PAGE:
Prior to the decision, tobacco products had only been prohibited inside the actual hospital; they had been allowed outside, said Jody Brewer of the hospital, who said the decision would “ensure a safe and healthful environment for employees, patients and visitors.” Tobacco has been banned inside all hospitals since the 1980s, Brewer added.
Hospitals in western Kentucky, in conjunction with the Kentucky Hospital Association, made the decision to ban all tobacco products earlier in the year, and Brewer said anyone wanting to use any kind of tobacco products will have to leave the hospital campus to do so.
“We’ve been smoke free for quite a while, as most hospitals are,” said Kevin Hilkey, a paramedic working with Brewer to oversee the course. “They could have been smoking right outside, and people had to go through their smoke whether they wanted to or not.”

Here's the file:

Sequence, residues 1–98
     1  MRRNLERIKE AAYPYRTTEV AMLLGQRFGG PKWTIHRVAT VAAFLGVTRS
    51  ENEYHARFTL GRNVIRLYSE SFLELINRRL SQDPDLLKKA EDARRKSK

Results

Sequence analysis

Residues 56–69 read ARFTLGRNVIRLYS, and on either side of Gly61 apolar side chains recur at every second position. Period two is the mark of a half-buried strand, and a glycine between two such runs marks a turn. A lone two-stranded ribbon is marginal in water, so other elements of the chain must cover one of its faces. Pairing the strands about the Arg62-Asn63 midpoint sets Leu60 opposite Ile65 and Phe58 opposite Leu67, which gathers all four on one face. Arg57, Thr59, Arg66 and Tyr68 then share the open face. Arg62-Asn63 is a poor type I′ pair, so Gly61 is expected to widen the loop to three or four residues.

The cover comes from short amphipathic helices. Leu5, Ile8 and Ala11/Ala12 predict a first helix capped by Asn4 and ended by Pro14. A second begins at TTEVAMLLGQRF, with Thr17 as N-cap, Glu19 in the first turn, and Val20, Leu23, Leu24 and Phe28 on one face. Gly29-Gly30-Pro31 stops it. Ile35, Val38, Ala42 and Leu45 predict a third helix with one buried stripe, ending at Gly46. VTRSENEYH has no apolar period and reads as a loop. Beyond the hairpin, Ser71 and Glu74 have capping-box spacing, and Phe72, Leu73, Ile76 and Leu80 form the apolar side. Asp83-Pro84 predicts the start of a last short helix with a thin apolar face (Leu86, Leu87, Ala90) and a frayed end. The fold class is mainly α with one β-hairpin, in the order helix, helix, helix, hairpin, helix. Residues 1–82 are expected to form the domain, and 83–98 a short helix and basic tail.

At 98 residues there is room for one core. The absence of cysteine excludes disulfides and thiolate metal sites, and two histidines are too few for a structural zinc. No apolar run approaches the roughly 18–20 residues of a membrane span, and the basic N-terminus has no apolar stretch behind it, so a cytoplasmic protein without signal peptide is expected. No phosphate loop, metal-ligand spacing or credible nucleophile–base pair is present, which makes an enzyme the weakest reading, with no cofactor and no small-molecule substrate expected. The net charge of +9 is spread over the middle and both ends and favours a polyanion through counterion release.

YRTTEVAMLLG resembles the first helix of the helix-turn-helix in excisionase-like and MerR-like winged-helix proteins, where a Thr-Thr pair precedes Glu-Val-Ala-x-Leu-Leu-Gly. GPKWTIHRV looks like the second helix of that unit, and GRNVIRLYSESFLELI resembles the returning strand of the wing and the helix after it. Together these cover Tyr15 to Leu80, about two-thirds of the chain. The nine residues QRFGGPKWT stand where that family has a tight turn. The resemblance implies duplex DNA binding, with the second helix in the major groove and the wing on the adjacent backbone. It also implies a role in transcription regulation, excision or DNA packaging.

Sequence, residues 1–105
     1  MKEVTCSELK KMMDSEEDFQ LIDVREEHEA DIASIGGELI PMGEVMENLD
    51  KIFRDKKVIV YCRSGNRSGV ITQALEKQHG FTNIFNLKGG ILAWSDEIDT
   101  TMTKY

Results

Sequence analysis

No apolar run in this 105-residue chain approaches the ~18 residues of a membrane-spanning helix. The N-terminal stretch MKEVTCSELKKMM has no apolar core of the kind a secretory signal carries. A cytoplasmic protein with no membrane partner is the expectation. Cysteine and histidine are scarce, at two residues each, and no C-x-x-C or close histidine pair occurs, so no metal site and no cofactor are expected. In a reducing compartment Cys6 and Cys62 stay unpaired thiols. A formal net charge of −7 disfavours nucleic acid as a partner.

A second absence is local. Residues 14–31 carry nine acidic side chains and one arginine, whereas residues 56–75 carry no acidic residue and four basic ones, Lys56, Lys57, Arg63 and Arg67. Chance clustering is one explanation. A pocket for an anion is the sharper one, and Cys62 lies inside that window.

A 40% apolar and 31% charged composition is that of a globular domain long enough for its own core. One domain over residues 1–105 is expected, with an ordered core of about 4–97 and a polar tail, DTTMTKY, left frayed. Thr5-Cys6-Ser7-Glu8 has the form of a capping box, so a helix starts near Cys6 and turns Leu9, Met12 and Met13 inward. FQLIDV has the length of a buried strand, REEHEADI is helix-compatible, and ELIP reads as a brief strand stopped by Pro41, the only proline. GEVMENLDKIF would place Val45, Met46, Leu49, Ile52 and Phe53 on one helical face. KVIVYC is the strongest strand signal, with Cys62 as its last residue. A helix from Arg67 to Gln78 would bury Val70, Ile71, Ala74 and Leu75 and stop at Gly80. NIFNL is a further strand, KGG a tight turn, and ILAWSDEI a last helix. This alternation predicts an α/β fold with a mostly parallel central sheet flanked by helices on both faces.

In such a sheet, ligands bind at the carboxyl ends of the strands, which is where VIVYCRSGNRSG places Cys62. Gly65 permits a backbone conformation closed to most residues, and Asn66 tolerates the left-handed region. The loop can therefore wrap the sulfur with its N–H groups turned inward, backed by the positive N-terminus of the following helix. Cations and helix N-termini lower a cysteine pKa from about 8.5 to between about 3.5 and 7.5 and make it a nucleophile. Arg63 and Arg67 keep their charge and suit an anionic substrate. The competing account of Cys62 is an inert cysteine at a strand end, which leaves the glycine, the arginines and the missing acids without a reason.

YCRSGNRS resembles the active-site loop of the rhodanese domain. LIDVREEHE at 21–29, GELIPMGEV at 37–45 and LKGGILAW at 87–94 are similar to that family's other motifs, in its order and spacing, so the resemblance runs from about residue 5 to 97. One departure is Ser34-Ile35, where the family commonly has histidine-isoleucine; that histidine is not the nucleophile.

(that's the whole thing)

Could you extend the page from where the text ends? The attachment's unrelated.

The Cooper Clayton Smoking Cessation Program, which lasts for 13 weeks, will begin Tuesday, Jan. 6, at 7 p.m., and will available for free for anyone who wants to take part. Brewer said that in the past, the hospital has had 10 – 12 people at any time take the course, with a few of those dropping out.
A respiratory therapist who has given the course in the past will be working with the course in January, said Hilkey, who added that the therapist won’t so much be teaching the course as monitoring it and working with those taking it. The course will include ways to quit all types of tobacco, not just cigarettes, he added.
“We hope to have many more than that, though, since we’re really advertising it this year,” said Brewer.
The course will educate people on various methods of nicotine therapy, including patches, gums, and medications, but will also serve as a support group where people will be there for each other, especially if one or more of the participants “falls off the wagon,” Brewer said.
However, the hospital staff don’t want to make anyone uncomfortable or force anyone to stop using tobacco that doesn’t want to, but merely want to make the hospital safer for everyone who uses it, according to Brewer.
“We have provided those classes, and we will continue to provide those classes for anybody in our community,” Hilkey said. “They’ve had some pretty good success in the past.”